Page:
My Heroes Have Always Been Cowboys
By Scott "Scooter" Haith
My secretary just brought me the news Gene Autry had died. I sat there a moment gazing at the walls of my office with the pictures of my cowboy heroes and their sidekicks before I grabbed my coat and walked out of the office with the phone ringing and the computer screen flashing at me. I had more important things to think about. I hopped in my truck and drove to the stables thinkin’ what an awful year it had been for my cowboy heroes. First it was Monty Montana, then Roy and now Gene. Hoppy had died long ago, but the memories each of my cowboy heroes had given me were emblazoned in my mind.
I saddled up my young colt and headed out the back gate of the ranch at a trot. The colt didn’t know where we were going, but he sensed we were in a hurry to get there. We headed up the canyon to the pack trail leading to Oak Springs. I just wanted to sit under the oaks alongside the spring and think.
You see, my heroes have always been cowboys and they still are it seems. I grew up on the Saturday westerns of Roy and Trigger, Gene Autry and Champion, The Lone Ranger and Silver and my best friends, Hoppy and Topper. I remember being the first one in the house to get up on Saturday morning. I’d get dressed in my Hoppalong Cassidy or Roy Rogers outfit and sit in front of the TV firing my guns at the likes of Black Bart and the rest of the bad guys. I wore out two stick horses and the living room carpet riding around on my trusty steed.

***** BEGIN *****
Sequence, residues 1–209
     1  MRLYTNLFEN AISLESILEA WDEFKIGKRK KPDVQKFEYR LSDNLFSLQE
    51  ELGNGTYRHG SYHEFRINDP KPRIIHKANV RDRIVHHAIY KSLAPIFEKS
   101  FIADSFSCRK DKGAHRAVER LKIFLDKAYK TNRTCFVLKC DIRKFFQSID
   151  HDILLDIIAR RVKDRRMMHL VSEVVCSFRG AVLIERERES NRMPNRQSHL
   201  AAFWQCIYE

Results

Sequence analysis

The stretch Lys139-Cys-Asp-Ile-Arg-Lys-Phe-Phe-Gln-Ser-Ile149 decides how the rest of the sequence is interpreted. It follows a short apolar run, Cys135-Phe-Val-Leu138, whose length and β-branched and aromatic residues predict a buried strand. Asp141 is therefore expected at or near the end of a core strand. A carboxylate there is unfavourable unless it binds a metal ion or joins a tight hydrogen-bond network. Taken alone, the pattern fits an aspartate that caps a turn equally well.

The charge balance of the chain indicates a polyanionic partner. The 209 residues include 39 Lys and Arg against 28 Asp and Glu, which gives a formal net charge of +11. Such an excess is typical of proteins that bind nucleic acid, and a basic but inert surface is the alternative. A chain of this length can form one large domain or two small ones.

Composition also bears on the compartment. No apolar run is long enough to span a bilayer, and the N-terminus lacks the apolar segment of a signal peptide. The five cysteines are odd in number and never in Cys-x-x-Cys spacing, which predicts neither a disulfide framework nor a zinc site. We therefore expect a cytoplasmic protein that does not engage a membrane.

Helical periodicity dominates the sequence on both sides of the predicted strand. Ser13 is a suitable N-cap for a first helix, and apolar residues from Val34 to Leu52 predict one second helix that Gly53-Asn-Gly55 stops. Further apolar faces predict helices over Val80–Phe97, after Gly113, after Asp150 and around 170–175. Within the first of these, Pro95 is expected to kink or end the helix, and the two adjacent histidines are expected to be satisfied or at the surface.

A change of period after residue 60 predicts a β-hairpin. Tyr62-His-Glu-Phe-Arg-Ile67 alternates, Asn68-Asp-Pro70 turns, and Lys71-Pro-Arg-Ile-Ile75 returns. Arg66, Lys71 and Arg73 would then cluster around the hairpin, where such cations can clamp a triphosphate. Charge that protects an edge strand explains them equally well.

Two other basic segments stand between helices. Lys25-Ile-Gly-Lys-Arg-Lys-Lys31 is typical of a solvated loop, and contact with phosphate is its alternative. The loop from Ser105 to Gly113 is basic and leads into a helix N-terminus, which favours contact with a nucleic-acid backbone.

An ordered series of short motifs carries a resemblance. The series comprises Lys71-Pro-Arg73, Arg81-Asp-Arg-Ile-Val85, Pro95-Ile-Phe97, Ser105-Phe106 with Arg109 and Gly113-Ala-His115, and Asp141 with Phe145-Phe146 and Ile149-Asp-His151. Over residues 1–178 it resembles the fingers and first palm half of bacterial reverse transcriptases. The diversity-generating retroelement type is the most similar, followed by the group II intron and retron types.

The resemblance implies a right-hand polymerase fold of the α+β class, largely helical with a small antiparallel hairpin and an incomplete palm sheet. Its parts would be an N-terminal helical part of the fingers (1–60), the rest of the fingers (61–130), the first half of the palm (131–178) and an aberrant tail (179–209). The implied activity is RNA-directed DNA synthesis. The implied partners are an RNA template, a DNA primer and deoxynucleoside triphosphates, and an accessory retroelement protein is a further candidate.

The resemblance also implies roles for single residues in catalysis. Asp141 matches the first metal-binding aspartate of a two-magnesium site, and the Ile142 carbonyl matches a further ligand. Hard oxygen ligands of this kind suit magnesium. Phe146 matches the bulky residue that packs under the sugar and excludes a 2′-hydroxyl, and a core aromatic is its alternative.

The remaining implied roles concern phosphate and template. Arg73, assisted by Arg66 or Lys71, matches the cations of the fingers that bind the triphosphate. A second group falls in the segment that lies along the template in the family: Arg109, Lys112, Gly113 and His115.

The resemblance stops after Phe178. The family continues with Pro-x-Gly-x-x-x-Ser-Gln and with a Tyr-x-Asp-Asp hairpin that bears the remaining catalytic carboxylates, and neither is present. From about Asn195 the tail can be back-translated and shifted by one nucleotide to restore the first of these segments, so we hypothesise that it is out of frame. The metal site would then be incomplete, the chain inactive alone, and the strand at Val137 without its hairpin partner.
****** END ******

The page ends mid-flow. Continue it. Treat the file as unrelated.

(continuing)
My greatest memory of that time came 1952 when my dad got a photo of me in my Hoppy outfit drawing my guns on Hoppalong Cassidy in the Rose Parade. My dad got all of me in the photo, but only Hoppy’s gun. Wide-angle lenses didn’t come on Brownie box cameras. Today, if a rider in the Rose Parade were to draw a gun on a kid most of the Los Angeles County Sheriffs dept would be blazing away at him. But that was 46 years ago and a different time and place.
Unlike the heroes of today, my cowboy heroes taught me the difference between right and wrong; the difference between telling the truth and lying; to give a job your absolute best; the value of a good horse and friend; and how good will eventually prevail over evil. You know you and your heroes are becoming a rarity when the western clothes you wore as a kid are now on display in a western heritage museum, and you have to pay to see the bedspread, dresser and lamp that you had as a kid.
So to Gene, Roy, Monty, Hoppy and all of my other cowboy heroes and their horses with whom I have ridden the trails of my youth I say, “Thanks for the memories, and vaya con dios.”